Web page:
Commentary: Genes for osteoarthritis: interpreting twin dataBMJ 1996; 312 doi: https://doi.org/10.1136/bmj.312.7036.943 (Published 13 April 1996) Cite this as: BMJ 1996;312:943
- John Hopper, principal research fellowa
- a National Health and Medical Research Council Twin Registry, Department of Public Health and Community Medicine, University of Melbourne, Carlton, Victoria 3053, Australia
“This is indeed a mystery,” I remarked. “What do you imagine that it means?”
“I have no data yet. It is a capital mistake to theorize before one has data. Insensibly one begins to twist facts to suit theories, instead of theories to suit facts.”1
Anyone can theorise that genes have a role in determining who gets which diseases and at what stage of life. Anyone can imagine that the world is round not flat. The key element, however, is to show that one's theory is believable by gathering and analysing data, and more data, using designs that ever more critically assess the hypotheses at stake. Columbus was not alone in his anti-flat earth imaginings, but he is famous because he collected critical data (even though he may not have interpreted all of it correctly, given the concept American Indians).
The classic twin method is a clever means of trying to untangle the role of genes from that of shared non-genetic influences on individual characteristics. The similarity of monozygotic (one egg) twin pairs, who are genetically identical, is compared with that of dizygotic (two eggs) twin pairs, who are on average genetically half identical. Given that sampling issues are adequately dealt with,2 the finding that monozygotic pairs are more similar than dizygotic pairs is consistent with the genetic hypothesis but certainly does not prove it.
If the extent to which twin pairs share the non-genetic influences for that characteristic is truly no greater in monozygotic pairs, however, the genetic hypothesis is substantiated. In applying the classic twin method this is almost always theorised to be the case. The catch, of course, is that it in practice is very difficult to test the veracity of this condition. There is substantial evidence that living together contributes to humans being more similar in lifestyle and psychological, physiological, and other characteristics.2 3 Dependent on the characteristic in question, this cohabitation effect may abate quickly or slowly as pairs begin to live apart, and may be greater for monozygotic twin pairs.3 4 5
When the classic twin method is applied, therefore, failure to consider zygosity differences in the effects of cohabitation may lead at best to overestimates of and at worst to invalid conclusions about a genetic role. Samples of several hundreds of pairs of twins are needed to detect even relatively large effects of cohabitation. Given the usual modelling strategy, finding no such effect when one actually exists will lead to an inflated estimate of the size of the genetic effect.6 That is, usual application of the method is biased towards finding in favour of a genetic theory and has little power to deal with the alternative non-genetic explanation. If one only wears green glasses, one is bound to conclude that the world is green.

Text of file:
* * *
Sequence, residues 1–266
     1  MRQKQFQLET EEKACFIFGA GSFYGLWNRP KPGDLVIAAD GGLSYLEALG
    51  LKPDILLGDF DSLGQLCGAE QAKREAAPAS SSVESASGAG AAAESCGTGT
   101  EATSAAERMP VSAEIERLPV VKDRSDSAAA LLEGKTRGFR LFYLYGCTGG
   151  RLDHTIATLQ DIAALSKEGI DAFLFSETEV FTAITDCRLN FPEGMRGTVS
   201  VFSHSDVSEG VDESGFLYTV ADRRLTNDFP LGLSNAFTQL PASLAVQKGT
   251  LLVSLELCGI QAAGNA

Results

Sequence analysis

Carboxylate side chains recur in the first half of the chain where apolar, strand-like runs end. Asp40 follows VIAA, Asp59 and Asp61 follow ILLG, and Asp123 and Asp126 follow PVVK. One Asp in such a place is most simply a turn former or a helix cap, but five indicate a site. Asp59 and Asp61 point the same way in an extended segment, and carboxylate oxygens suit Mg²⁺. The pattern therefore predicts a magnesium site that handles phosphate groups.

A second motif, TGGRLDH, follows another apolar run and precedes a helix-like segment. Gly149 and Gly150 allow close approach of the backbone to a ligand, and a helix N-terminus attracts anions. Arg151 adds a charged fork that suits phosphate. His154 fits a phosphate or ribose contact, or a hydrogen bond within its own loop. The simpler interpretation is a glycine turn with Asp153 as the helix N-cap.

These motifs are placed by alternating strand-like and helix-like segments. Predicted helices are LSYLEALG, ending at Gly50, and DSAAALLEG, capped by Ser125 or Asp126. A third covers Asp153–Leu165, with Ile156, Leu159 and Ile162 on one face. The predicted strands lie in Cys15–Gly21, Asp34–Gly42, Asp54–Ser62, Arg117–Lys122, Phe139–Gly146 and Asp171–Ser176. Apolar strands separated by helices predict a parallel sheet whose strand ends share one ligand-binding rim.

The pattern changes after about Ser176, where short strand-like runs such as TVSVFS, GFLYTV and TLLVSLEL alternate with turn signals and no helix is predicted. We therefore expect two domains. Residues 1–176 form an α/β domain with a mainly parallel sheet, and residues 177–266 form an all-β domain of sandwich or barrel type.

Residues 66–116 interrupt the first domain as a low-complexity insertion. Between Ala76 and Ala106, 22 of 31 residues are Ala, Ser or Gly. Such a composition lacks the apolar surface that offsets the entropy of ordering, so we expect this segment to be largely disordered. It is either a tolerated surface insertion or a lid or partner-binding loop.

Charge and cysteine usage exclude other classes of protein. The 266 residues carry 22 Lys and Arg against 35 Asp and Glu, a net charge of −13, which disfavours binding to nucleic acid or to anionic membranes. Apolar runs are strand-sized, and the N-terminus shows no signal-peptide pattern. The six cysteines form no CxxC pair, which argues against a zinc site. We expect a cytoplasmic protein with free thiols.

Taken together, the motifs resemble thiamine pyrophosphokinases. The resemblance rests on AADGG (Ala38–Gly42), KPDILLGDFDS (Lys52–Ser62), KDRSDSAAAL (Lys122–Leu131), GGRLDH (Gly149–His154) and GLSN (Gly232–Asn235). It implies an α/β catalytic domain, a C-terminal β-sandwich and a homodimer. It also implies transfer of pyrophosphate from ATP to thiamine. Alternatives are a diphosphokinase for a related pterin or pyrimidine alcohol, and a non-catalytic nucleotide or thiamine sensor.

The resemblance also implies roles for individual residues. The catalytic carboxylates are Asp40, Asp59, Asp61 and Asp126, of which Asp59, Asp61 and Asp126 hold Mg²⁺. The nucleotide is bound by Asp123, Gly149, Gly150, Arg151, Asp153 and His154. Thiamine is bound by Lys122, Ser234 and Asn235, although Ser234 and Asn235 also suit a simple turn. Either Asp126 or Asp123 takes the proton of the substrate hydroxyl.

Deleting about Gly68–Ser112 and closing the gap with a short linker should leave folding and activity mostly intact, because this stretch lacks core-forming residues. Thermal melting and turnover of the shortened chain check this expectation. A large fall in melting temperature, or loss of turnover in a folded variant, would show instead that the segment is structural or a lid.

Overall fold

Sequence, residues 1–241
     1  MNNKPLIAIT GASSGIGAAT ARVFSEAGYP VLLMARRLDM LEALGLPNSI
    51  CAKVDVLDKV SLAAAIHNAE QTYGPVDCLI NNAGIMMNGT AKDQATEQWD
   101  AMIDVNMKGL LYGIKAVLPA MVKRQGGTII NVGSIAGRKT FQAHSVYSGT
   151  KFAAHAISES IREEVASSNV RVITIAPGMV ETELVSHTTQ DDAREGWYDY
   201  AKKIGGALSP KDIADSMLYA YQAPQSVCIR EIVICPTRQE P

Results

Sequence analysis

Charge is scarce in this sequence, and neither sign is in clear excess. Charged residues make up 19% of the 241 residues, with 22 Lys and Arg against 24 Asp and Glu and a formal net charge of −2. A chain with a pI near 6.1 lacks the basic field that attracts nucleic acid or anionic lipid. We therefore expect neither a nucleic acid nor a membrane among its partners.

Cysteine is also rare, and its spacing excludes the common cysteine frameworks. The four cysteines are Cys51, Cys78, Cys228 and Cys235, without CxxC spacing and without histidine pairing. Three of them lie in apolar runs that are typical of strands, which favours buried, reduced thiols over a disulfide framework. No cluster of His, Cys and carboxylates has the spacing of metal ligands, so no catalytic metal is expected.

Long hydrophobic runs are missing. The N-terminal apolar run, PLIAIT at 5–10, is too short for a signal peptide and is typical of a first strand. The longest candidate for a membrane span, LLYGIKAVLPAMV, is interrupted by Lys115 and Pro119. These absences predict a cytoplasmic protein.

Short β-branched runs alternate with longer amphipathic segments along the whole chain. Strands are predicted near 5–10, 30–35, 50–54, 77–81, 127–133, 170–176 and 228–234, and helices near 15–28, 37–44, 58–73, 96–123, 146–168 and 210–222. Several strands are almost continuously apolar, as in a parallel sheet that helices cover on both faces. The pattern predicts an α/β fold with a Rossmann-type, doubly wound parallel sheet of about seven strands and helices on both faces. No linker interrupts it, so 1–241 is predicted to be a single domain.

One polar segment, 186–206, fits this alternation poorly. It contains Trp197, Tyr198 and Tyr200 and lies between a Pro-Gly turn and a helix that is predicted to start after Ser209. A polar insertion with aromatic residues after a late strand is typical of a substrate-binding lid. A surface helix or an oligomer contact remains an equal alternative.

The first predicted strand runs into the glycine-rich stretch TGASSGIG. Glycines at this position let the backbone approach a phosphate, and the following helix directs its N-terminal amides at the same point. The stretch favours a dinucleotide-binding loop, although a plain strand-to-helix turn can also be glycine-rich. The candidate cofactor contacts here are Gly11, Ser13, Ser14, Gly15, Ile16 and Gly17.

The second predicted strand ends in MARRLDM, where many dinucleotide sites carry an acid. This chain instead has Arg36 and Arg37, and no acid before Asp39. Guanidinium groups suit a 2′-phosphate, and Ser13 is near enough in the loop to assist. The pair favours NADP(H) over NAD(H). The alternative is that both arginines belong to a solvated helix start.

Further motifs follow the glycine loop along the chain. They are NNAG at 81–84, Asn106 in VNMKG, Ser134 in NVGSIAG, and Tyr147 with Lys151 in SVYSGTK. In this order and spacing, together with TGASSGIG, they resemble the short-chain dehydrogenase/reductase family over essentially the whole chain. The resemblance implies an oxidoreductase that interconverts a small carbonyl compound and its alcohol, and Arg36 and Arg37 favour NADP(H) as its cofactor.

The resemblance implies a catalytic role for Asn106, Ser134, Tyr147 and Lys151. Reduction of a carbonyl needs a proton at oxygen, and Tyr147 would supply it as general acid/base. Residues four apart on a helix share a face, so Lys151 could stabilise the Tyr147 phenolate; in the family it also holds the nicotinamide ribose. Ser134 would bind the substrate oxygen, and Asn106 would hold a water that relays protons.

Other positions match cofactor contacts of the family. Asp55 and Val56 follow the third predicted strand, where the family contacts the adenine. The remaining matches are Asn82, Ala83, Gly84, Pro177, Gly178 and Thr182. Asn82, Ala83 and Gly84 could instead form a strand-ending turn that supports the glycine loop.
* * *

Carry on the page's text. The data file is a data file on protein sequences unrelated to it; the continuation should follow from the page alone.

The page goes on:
Spector et al have applied the method to osteoarthritis. From a sample of twins ascertained by advertisements and other means they found that monozygotic pairs were significantly more concordant for disease at one, possibly two, sites. For a score based on radiographic imaging, about half the variance was attributable to genetic factors under the classic twin method. Note that this does not mean that half of osteoarthritis is due to genes, a naive and incorrect interpretation sometimes made. Attempts were made to allow for non-genetic influences, but given the sample size and statistical power the above figure must be considered to be an upper bound of the genetic “influence.”
As the authors indicate, it is now possible to test directly the genetic hypothesis by actually finding the genetic loci implicated and measuring the impact of variation at these putative loci. Replication of such findings is essential as the current controversy over the existence and size of the role of the vitamin D receptor locus on bone density is illustrating.7 8 Understanding the biological mechanisms of the genes will confirm the truth of the genetic hypothesis and could have considerable clinical importance.
Such gene searches are very expensive and justified only if there is a priori evidence that genetic variation is important for a characteristic. Given the caveats above, the findings of classic twin studies can be informative. Moreover, particular twin pairs are the optimal design for some sib-pair methods of searching for disease genes.9 10 Hundreds if not thousands of such pairs may be needed to ensure that important loci are not missed, however, and international collaborative efforts may be required. This may be difficult to achieve as there is a danger that the promise of huge commercial gains may overwhelm traditional scientific cooperation.
In summary, genetic research offers new insights into the aetiology, and hopefully the treatment, of diseases. Data from twin pairs will play a pivotal role in this development, but a good deal of circumspection is warranted in interpreting early findings, especially those from studies in which genes are not actually measured. False or inflated claims will be detrimental in the long term.